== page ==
A German Point Of View About European Defence. Interview of Professor Carlo Masala – Universität der Bundeswehr München

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Prof. Carlo Masala holds the professorship for International Politics at the Universität der Bundeswehr Munich. Co-publisher of various journals, he shapes in parallel the largest German- language podcast on Security policy (“Sicherheitshalber”) and is founder of the Metis institute for strategy and foresight, also at the University of the German Armed Forces Munich. He is one of the most prominent representatives of Neorealist theory in the field of international relations in Germany.

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Interview conducted by David Schmidt, undergraduate student at the Universität der Bundeswehr Munich (Germany), member of the EDN since 2020.

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The interview took place on the 20th of April 2021.

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This text engages only the responsibility of the interviewee. The ideas or opinions expressed may not in any way be regarded as the expression of an official position of the European Defence network.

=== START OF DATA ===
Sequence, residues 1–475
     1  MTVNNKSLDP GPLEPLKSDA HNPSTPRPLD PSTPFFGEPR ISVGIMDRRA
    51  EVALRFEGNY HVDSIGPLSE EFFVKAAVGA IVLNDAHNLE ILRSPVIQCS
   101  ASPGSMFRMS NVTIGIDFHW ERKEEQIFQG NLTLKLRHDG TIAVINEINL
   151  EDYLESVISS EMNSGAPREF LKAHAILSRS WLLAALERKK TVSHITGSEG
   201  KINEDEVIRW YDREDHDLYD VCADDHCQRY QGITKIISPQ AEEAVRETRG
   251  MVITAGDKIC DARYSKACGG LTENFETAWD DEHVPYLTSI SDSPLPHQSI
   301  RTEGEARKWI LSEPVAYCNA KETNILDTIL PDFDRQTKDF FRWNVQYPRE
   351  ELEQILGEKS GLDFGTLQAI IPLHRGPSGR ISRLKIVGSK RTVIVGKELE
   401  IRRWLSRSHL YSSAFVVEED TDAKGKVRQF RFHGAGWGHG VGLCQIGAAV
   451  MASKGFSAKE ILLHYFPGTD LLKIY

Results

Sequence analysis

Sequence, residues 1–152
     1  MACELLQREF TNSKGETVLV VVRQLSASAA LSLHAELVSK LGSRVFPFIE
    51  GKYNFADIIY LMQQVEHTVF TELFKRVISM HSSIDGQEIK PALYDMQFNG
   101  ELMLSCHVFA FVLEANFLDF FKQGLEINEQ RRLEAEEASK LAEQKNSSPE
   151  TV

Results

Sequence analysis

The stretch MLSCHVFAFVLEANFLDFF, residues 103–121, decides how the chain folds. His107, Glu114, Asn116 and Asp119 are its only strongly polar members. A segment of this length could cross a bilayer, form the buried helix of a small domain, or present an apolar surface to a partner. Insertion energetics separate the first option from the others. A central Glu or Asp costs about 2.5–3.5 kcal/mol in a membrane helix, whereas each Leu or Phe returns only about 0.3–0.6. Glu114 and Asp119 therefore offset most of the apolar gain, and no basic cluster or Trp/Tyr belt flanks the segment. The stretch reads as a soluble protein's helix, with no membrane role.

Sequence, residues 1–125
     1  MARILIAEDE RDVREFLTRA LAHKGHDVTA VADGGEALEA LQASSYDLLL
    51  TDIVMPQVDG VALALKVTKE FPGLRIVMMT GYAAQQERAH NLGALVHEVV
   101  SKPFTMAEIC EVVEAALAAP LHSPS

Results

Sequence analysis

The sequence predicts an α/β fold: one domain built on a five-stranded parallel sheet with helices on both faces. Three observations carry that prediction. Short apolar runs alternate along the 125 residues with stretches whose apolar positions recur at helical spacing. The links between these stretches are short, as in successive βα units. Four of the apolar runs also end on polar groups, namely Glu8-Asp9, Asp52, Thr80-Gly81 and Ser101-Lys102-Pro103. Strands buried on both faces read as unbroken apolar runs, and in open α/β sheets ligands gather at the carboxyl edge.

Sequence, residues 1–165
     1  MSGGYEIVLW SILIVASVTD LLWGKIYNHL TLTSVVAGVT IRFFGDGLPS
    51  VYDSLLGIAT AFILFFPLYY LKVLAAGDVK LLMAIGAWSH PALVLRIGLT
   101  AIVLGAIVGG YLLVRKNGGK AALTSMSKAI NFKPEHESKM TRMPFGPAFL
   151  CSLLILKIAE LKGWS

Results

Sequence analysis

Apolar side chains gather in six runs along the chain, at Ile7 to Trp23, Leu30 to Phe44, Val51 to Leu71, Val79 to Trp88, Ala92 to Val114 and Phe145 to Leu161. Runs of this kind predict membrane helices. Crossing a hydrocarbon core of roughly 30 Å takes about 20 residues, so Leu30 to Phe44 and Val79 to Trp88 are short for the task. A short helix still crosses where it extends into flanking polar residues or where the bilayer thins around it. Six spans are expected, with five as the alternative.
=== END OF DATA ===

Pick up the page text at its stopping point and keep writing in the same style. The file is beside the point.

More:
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EDN: Prof. Masala, thank you, for being here today. I would like to start with a quote from your Twitter account. On the 9th of april you tweeted: “Vertreter der EU haben sich jetzt innerhalb kürzester Zeit zweimal demütigen lassen (Moskau, Ankara). Projekt Weltmacht läuft.” Transl.: Representatives of the EU have have now been humiliated twice in a very short time (Moscow, Ankara). World power project is underway. What successful areas of the European foreign and security policy do you see?

Prof. Carlo Masala: What I tweeted is of course cynical and negative in the sense, that the EU has assigned to itself, in its fundamental documents, the wish to play a role in what they consider to be the upcoming multipolar system. I think that if you look at it security-wise, the EU is still far away from that. This doesn’t mean that the EU is not successful in its foreign and defence policy. If you go into detail, you will see that the EU undertakes quite a couple of especially civilian missions in crisis management situations which are quite successful. Be it in Africa, be it in in the Caucasus or Central Asia, these are the areas where – let’s put it this way – where the use of force is not involved, the EU is quite successful with its civilian instruments of conflict management and conflict prevention. What I think is, that there is a mismatch. The EU has a huge ambition, which it is not able to fulfill. My hypothesis would be that it won’t be able to fulfill this ambition even in the midterm future. Nevertheless, if you go into the nitty gritty details of security and defence policy, you see quite some successes, especially in the civilian crisis management.

EDN: But if we look at the level of European defence projects, we also can see some successes, can’t we?